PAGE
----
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Clinical Research in Animal Science

Cabergoline Monotherapy in a Chilean Creole Horse with Pituitary Pars Intermedia Dysfunction (Cushing’s Disease): A Case Report

Adolfo F Godoy* and Christian I De la Fuente

Department of Clinical Science, Chile

*Corresponding author:Adolfo F Godoy, Equine Clinic and Surgery, Department of Clinical Science, School of Veterinary Sciences and Livestock, Chile

Submission: June 27, 2022;Published: August 19, 2022

Volume2 Issue3
August , 2022


Chilean Creole mare, 25 years old, with bilateral support claudication in both forelimbs for 3 months. The clinical inspection showed signs of hypertrichosis, hirsutism, fat deposits at the base of the tail and neck, excessive sweating, muscular atrophy and visible horizontal rings in both hooves. In the radiological study of distal phalanges of forelimbs, septic pedal osteitis and subsolar abscesses were seen. Based on the clinical history, a dexamethasone suppression test was performed, obtaining conclusive Pituitary Pars Intermedia Dysfunction (PPID) results. Cabergoline treatment was initiated at a dose of 2mg orally every 24 hours. After 3 months of therapy, a total resolution of the clinical signs was obtained and a normal response to the dexamethasone suppression test was observed. The patient was monitored for 30 months while continuing the treatment, without observing recurrence of the condition or adverse effects to the treatment.

Keywords:Equine; Carbegoline; Cushing’s disease; Pituitary

Abbreviations: PPID: Pituitary Pars Intermedia Dysfunction; AAEP: American Association of Equine Practitioners; ACTH: Adrenocorticotropic Hormone; POMC: Pro-Opiomelanocortin; α-MSH: Α-Melanocyte Stimulating Hormone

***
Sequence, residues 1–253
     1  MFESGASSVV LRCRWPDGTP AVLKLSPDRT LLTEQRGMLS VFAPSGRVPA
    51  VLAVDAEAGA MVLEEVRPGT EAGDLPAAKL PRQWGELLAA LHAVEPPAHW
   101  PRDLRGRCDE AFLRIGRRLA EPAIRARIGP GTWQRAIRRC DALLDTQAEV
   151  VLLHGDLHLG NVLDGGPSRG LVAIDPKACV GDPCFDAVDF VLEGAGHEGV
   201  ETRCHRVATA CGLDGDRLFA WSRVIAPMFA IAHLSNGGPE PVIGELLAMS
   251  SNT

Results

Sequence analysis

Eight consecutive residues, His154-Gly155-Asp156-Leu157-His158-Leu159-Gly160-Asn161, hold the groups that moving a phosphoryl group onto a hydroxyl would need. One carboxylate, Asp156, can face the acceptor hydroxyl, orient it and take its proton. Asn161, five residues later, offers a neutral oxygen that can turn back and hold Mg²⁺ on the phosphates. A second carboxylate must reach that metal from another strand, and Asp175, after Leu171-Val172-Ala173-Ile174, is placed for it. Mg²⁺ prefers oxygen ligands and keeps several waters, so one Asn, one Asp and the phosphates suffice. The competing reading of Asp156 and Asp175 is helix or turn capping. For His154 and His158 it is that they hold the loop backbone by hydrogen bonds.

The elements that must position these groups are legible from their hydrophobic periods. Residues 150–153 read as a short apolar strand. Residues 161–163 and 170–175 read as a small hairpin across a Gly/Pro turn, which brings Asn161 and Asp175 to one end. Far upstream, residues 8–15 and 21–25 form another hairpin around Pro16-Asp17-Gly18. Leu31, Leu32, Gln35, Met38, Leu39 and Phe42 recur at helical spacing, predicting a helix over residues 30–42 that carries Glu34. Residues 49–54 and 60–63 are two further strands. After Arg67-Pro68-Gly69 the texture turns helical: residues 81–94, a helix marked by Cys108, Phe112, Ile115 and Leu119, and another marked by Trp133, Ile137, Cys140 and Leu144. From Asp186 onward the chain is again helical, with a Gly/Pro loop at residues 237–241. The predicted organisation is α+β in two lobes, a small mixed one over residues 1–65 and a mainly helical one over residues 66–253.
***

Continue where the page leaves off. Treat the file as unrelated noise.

The dysfunction of the Pars Intermedia of The Pituitary (PPID) is observed as a neurodegenerative disease with loss of dopamine inhibition on melanotropic cells. [1]. Commonly referred to as equine Cushing syndrome, this disease usually occurs in older animals. The drug of choice for medical treatment is pergolide, a synthetic derivative of the ergot alkaloid, a dopamine receptor agonist administered to horses with PPID to restore the dopaminergic inhibition of melanotrophs [2]. Like pergolide, the cabergoline is also an agonist of dopamine D2 receptors. [3]. A greater degree of effectiveness and duration of cabergoline activity has been demonstrated in horses compared to pergolide to counteract sulpiride’s antidopaminergic activity in prolactin production [4]. In 2007, the pergolide was prohibited for use in humans due to reports of cardiac side effects. Despite this, its use is allowed in veterinary medicine by the Food and Drug Administration, but the drug is not available in many countries. Given this situation, cabergoline could be a valid option for the treatment of PPID. According to the authors’ knowledge, this is the first report of a case of suspected PPID treated with oral cabergoline, in which the clinical evolution of the patient is described, as well as the changes in some hematological parameters.

Case Presentation